Technology is becoming more and more necessary to libraries in the 21st century: Incompetence hurts fellow staff members, patrons and the library’s image. “Core Competencies not only define the present, they also ensure a future for the profession.” David Hunter, “Core Competencies and Music Librarians” “A scan of recent openings reveals that desirable and even required skills include: presentation software and technology relative to web-based instruction…experience with SGML, HTML, and other web standards…technical knowledge of DOS, Windows, networked environments and the Internet.” –Library Journalist columnist Anne Woodsworth “The reality is…with an average age of the late 40s among librarians in public libraries—that the majority of staff members were educated not only before the breakthrough of the Internet, but even before the online public access catalogue (OPAC).” —Jens Thorhauge As Marion Paris wrote, "
It is time to 'fess up: good continuing education costs money. Will you choose to pay? Either way you will pay."
“If you’re not helping them learn, you’re helping them leave.”— Bruce Massis, “How to Create and Implement a Technology Training Program,” American Libraries Existing Competency List of New Jersey Library Association: This document is intended for several purposes: • To educate communities, governing bodies and funding agencies about the importance of the knowledge and skills of professional librarians; • To develop job descriptions and evaluation tools for professional positions; • To design policies, particularly as these policies relate to the organization and staffing of libraries; • To guide students attending graduate library school; • To apprise library school faculty members who are involved in the development of curricula of the continuously changing needs of the profession; • To assist in planning staff development programs; and • To motivate professionals to take responsibility for managing the development of one's own career."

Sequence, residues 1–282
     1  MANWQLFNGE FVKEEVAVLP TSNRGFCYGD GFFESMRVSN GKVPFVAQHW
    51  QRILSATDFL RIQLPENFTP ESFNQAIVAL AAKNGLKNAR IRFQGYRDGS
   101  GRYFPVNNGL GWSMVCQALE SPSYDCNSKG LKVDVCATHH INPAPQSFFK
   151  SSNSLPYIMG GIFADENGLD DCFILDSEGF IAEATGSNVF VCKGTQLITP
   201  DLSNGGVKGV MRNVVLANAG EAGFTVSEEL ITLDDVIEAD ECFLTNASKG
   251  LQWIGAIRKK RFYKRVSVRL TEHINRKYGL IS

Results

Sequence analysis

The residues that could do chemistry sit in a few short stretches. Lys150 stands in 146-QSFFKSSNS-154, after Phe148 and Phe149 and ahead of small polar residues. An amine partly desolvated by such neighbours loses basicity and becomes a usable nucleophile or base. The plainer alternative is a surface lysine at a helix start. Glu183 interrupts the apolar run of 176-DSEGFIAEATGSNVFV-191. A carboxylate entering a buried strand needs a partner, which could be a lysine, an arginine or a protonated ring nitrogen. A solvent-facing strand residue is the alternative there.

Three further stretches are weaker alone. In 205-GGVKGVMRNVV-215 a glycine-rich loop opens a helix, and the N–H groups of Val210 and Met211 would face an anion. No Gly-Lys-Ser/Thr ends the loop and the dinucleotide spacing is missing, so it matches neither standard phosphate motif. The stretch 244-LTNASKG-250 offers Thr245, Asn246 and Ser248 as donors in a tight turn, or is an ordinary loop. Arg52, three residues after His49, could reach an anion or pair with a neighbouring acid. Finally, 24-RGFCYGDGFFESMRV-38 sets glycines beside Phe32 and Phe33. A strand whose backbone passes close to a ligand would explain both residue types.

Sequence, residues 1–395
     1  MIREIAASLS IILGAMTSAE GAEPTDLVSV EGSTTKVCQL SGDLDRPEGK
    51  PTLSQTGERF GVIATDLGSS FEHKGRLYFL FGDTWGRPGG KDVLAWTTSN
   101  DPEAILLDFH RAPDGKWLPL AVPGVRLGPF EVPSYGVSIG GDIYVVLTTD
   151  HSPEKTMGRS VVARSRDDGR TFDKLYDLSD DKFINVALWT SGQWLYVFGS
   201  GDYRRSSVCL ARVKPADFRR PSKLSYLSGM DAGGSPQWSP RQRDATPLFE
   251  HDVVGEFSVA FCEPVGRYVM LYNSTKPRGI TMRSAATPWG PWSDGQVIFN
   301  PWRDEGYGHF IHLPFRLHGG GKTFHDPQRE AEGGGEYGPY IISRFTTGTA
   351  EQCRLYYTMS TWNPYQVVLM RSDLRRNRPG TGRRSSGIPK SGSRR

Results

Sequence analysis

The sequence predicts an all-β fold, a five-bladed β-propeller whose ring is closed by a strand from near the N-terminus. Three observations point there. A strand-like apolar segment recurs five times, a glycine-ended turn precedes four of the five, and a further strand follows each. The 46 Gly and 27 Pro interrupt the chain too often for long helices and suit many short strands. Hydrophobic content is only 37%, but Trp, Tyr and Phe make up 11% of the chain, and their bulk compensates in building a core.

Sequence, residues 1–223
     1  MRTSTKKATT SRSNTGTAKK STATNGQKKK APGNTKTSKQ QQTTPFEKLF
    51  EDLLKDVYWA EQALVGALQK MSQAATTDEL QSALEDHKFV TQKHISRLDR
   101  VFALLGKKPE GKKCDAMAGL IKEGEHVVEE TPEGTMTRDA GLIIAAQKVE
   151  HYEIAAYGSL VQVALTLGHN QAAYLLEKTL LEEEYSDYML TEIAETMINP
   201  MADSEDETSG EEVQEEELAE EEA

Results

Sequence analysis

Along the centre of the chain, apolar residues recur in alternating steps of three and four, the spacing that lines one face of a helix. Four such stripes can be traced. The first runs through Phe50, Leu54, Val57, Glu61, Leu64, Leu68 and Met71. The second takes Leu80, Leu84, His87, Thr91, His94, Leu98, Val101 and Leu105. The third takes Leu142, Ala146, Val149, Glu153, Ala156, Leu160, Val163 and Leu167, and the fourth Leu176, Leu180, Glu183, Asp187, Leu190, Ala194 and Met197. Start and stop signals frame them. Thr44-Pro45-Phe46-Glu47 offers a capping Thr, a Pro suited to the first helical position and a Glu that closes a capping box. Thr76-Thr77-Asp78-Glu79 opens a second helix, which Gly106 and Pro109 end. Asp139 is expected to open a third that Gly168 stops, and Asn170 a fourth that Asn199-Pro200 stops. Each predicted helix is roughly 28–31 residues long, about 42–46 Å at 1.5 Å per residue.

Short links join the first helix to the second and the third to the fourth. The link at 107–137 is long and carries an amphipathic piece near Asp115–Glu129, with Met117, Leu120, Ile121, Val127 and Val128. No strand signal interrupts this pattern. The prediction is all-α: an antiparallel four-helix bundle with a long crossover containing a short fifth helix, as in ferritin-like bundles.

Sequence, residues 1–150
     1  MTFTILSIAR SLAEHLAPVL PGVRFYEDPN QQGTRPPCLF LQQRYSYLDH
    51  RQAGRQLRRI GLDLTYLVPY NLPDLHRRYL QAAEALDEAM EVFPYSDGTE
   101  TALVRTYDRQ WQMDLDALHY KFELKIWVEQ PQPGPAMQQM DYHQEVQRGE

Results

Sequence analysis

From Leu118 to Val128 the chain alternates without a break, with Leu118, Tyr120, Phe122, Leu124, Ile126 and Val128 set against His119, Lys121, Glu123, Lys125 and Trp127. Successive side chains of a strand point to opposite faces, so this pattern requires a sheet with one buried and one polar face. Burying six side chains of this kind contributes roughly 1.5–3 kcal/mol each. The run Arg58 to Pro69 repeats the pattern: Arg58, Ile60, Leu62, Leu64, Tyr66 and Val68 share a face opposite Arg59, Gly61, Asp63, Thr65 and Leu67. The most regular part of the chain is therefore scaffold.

The Competencies Cycle Marshall, Woodson and Beck say in “Developing Core Computer Competencies for Librarians” competencies should be:
observable and demonstrable
improvable by training
Core Technology Competencies for All StaffCompetencyDefinitionSkills and BehaviorsPossible TrainingUnitsWord ProcessingSkillsThe ability to usea word processingprogram, such asMicrosoft Word.Create, format, save, print and open a documentChange font and font sizeCut and paste and Copy and pasteFormat a document using bold, italicize, underline and center textUse spell checkUse HelpMicrosoft Word Basic
Learning Styles and Teaching Methods Remember that users have different learning styles
Visual (pictures, graphics, mental images)
Auditory (talk, listen)
Kinesthetic (do it, handle it, move it)
TellingTeachingLectureDoes NOT workPersonal EngagementWhat are you teaching them?Why should they care?How do they do it?
Incentives for Completing Training
Continuing Education Credits (CECs)
Pay increase (!)
Paid time off (!!!)
Consequences for Not Completing Training
Negative employee evaluation comments
Decrease in pay (!)
Transfer to different library
From: Houghton-Jan, Sarah (2007). Technology competencies and training for libraries. Library Technology Reports, 43(2), 7-73. Further reading Rachel Singer Gordon, Teaching the Internet in Libraries (Chicago: American Library Association, 2001), 10. Rachel Singer Gordon and Michael Stephens, "
Ten Tips for Technology Training,"
Computers in Libraries 26, no. 5 (May 2006): 34-5. Brenda Hough, "
Teaching People to Be Savvy Travelers in a Technological World,"
Computers in Libraries 26, no. 5 (May 2006): 9-12. Farkas, Meredith. "
Skills for the 21st Century Librarian."
Information Wants to Be Free, July 17, 2006, http://meredith.wolfwater.com/wordpress/index.php/2006/07/17/skills-for-the-21st-century-librarian.